Horror movies like all genres go through phases. Sometimes this yields results where a beloved subgenre is encased in amber for future generations to revisit (your screwball comedies for instance). Other times, movies just seem to get forgotten along the way even if they were part of a piece of a greater tapestry. This can specifically happen when the movie gets harder to describe as both a piece of its time and a harbinger of new genre directions ahead. It’s my hope to highlight some films this month older and newer that may have flown bellow many a proverbial radar and share the horror love.
First off, if you haven’t seen Targets, maybe it’s best to go in blind. Horror movies, heck movies in general, can often benefit of having a story unfold especially with the story takes twists one may not expect. Still if you don’t care about spoilers , feel free to read on:
Synopses from Wiki: Byron Orlok (Boris Karloff), an aging, embittered horror movie actor, abruptly announces his decision to retire and return to his native England to live out his final days. Orlok considers himself outdated because he believes that people are no longer frightened by old-fashioned horror, citing real-life news stories as more horrifying than anything in his films. But after much persuasion, particularly from young director Sammy Michaels (Peter Bogdanovich), Orlok agrees to make a final in-person promotional appearance at a Reseda drive-in theater before leaving Hollywood for good.
Bobby Thompson (Tim O’Kelly) is a young, quiet, clean-cut insurance agent and Vietnam War veteran who lives in the suburban San Fernando Valley area with his wife and his parents. Thompson is also deeply disturbed and an obsessive gun collector, but his family takes little notice. One morning, after his father leaves for work, Thompson murders his wife, his mother, and a delivery boy at his home. That afternoon, Thompson continues the killing spree, shooting people in passing cars from atop an oil storage tank that sits alongside a heavily traveled freeway. When the police respond and start to close in on Thompson, he flees, taking refuge in the very same drive-in theater where Orlok is to make his appearance that evening.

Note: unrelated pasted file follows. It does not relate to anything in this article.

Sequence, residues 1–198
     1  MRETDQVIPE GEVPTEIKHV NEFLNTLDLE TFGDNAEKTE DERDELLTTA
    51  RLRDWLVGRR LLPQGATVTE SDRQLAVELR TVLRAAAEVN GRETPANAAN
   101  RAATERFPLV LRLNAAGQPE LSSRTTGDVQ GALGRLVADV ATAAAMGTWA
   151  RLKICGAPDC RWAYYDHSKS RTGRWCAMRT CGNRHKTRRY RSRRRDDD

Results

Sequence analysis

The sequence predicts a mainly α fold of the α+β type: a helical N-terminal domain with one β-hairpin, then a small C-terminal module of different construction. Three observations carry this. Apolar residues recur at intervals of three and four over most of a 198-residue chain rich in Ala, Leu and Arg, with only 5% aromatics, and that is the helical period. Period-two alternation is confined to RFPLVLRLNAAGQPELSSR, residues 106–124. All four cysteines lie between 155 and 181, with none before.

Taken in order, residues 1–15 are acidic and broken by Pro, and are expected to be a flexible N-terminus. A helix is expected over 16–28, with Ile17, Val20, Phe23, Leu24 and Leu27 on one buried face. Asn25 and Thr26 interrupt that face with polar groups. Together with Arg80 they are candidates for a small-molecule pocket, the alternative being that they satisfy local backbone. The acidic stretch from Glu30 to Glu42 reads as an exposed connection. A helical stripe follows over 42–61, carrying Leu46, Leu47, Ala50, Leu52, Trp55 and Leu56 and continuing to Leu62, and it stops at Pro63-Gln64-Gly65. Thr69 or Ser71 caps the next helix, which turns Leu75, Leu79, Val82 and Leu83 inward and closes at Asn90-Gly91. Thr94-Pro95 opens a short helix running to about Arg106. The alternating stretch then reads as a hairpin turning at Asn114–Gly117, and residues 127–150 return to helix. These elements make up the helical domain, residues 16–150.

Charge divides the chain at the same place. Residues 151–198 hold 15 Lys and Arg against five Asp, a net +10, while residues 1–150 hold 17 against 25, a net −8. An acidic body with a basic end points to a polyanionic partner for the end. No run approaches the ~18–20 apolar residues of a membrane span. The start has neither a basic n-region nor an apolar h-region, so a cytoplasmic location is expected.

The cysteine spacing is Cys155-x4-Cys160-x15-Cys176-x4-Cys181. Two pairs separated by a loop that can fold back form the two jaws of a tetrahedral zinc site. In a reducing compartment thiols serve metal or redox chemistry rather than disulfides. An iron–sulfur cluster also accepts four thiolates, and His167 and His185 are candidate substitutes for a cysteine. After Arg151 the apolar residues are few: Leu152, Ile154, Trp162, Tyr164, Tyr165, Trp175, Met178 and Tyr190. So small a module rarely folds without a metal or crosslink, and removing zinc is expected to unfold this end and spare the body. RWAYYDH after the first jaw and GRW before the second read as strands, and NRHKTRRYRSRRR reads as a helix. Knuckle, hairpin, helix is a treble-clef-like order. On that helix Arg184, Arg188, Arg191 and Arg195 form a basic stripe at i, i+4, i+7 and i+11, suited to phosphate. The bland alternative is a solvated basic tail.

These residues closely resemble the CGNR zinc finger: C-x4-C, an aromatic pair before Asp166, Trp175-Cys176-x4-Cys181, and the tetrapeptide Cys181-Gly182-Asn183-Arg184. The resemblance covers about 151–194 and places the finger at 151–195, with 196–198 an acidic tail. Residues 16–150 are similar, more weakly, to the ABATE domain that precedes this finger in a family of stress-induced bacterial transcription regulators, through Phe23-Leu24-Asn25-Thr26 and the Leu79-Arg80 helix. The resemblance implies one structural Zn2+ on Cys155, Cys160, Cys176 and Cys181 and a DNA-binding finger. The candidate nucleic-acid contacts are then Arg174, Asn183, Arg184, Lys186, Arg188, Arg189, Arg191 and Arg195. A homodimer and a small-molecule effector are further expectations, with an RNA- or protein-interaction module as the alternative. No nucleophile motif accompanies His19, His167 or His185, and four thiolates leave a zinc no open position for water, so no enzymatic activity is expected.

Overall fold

After sunset, Thompson kills the theater’s projectionist and perches himself on the framing inside the screen tower. While the Orlok film is shown, Thompson begins shooting at the patrons in and around the parking lot. After Thompson wounds Orlok’s secretary, Jenny, Orlok confronts Thompson, who is disoriented by Orlok’s simultaneous appearance before him and on the large movie screen behind him, allowing the actor to disarm Thompson using his walking cane. When the defeated Thompson retreats, a visibly shaken Orlok remarks, “Is that what I was afraid of?” Moments later, police officers arrive to arrest Thompson for the murders; as they lead him away, Thompson states with apparent satisfaction that he “hardly ever missed.”
Where Do We Go From Here?
This movie can definitely be called meta and in some ways it’s more meta than similar films that followed like Wes Craven’s New Nightmare which also starred someone essentially playing a version of themselves. However I feel like prophetic better describes Targets as to where it stands in the American horror’s pantheon. Universal classics were in the past, dabbling in the supernatural were still pretty popular at the then-present and movies like Halloween and its many imitators were over a decade away. It also sadly reflects fears that still ring too true in these modern times. What the average person is capable of in a small span of time with only a rifle and a box of ammo can turn a city upside down and that’s not just terrifying it’s also gravely unsettling.
It’s important to remember that this movie’s antagonist was a Vietnam vet and in a way is a stand in for a time in our country when the 60s were nearly over that many were asking “What’s next?” “Where do we go from here?”
So yeah this movie takes me to some heavy places because of how powerfully relevant it feels every time I see it, yet because of Karloff and the time period I do think it is possible to get immersed in the story without having to be dragged down by real-world parallels. Finally I just will leave this here. It’s one of my favorite Karloff scenes and it’s just the director giving him a chance to recite a little monologue showing off his skills in one of his very last times on screen.